Do not for a minute think that this week’s Senate runoff in Mississippi is about Thad Cochran.
Mr. Cochran, an innocuous man who sits at the desk once occupied by Jefferson Davis, has been on Capitol Hill for 41 years. The most remarkable thing about him is that a Mississippi Republican has been in the Senate for six terms.
Fifty years ago, Republicans rarely were sighted in Mississippi. The state was convulsed in bitter racial turmoil that was a searing embarrassment to a nation that blithely used the idiom of “freedom” to fight communism outside its borders.
This week, voters in Mississippi will decide whether to return Mr. Cochran to the Senate — if he wins the Republican nomination, he will be a good bet in the general election in November — or to make him another incumbent toppled, as House Majority Leader Eric Cantor of suburban Richmond was earlier this month, by a Tea Party insurgency.
The supporters of state Sen. Chris McDaniel, who earned a runoff with Mr. Cochran after neither man won a majority in the primary, are trying to make an issue of what the longtime senator represents: insider maneuvers, the art of the deal, politics as usual, pork-barrel favors, and mushy conservatism.
Those are legitimate issues, but the topic here is not what Mr. Cochran represents, but the phenomenon of Mr. Cochran representing Mississippi in the first place.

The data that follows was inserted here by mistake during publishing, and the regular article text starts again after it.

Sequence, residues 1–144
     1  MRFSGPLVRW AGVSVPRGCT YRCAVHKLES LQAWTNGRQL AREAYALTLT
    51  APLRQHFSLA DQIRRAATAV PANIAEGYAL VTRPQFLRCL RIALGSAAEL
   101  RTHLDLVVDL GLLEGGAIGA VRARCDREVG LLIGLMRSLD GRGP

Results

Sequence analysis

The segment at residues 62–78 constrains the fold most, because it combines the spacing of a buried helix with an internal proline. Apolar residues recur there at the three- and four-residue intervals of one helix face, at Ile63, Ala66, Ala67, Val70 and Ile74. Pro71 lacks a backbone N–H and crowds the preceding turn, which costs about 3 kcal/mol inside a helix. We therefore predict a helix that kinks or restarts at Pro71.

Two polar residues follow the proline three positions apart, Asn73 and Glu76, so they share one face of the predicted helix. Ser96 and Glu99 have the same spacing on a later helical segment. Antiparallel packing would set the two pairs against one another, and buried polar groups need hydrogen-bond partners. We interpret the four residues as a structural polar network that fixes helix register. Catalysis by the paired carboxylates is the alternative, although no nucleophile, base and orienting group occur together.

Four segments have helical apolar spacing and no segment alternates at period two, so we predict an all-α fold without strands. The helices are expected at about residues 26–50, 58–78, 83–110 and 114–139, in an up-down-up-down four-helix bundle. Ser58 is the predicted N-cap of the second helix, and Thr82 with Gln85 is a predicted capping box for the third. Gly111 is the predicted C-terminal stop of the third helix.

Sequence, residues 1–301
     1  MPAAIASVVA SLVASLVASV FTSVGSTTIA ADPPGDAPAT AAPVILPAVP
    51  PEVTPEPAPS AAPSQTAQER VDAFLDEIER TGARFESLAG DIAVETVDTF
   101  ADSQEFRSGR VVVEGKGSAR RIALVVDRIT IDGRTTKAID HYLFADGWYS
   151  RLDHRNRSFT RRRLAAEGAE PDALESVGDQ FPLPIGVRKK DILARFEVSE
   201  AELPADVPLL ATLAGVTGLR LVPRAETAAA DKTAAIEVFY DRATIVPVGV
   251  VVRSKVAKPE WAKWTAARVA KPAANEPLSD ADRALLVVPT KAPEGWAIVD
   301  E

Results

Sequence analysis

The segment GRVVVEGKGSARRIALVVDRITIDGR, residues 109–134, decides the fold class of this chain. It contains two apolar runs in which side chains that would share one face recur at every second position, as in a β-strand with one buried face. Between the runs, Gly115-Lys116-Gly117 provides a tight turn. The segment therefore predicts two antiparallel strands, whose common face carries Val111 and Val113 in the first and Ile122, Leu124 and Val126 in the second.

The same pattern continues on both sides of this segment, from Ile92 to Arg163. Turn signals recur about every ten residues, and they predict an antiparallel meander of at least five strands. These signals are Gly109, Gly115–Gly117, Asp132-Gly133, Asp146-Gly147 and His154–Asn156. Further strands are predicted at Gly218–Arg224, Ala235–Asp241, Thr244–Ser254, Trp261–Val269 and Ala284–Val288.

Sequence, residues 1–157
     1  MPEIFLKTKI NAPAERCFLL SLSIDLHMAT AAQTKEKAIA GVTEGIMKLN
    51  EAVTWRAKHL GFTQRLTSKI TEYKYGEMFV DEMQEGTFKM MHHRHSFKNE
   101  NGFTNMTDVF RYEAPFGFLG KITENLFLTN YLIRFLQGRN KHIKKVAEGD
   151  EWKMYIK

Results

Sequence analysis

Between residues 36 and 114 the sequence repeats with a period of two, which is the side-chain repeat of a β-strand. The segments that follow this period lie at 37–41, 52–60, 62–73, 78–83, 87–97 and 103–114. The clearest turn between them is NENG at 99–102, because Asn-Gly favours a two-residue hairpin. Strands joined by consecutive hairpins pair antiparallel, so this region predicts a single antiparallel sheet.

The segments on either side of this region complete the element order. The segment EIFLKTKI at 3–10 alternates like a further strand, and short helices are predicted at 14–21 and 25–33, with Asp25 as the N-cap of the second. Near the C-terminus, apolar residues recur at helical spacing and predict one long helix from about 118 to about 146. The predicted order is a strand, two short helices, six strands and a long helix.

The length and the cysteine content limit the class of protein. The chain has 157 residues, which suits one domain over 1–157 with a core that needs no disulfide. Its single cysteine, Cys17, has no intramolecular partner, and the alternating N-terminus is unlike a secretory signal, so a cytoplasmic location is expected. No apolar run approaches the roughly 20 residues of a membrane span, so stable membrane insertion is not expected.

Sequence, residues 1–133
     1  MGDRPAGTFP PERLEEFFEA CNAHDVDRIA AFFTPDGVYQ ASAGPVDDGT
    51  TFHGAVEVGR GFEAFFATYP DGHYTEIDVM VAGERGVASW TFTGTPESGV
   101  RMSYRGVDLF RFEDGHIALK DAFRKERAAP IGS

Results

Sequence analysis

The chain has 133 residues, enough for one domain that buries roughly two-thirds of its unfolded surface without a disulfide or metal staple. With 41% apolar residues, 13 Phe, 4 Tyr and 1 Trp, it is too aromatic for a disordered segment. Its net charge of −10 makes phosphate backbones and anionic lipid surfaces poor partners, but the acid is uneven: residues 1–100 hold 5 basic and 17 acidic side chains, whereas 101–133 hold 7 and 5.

Back in the days when Arizona’s Barry Goldwater was the leading conservative, Mississippi was a one-party state. A half-century ago, James Eastland and John Stennis, regarded as populist folk heroes but in fact ardent early opponents of integration, occupied the state’s two Senate seats. Both were Democrats of the old school, and eventually both were committee chairmen.
A generation ago, the split was between those holding firm to the Democratic creed (a diminishing group) and those moving to a Republican Party with a candidate (Mr. Goldwater, 1964) whose principal appeal was that he wasn’t Lyndon Johnson, the Texas apostate who embraced civil rights.
The split is materially different, and exists in several dimensions. One is the division between the GOP old guard in the state — the very phrase would have seemed ludicrous 50 years ago — and the new, muscular conservatives aligned with the Tea Party movement.
Another is the division between newcomers and old-timers, as Mississippi, like other Southern states, becomes transformed by outsiders who don’t comprehend that the Republican officeholders there once were rebels against a political establishment that seemed impregnable.
The key to understanding the Mississippi showdown is recognizing that the movement from Democratic Mississippi to Republican Mississippi was a movement to preserve the status quo. The new Republicans offered a world view in important ways congruent with that of the old Democrats. But it was completely divergent from that offered by the new Democrats, who included tens of thousands of blacks, the largest percentage of any state’s population, eligible to cast ballots because of President Johnson’s Voting Rights Act.
So this week’s primary isn’t about Mr. Cochran. It’s about Mississippi and about the GOP and about change. It’s the most interesting political race in the most interesting region of the most interesting political democracy.
David Shribman is executive editor of the Pittsburgh Post-Gazette.
Contact him at: firstname.lastname@example.org
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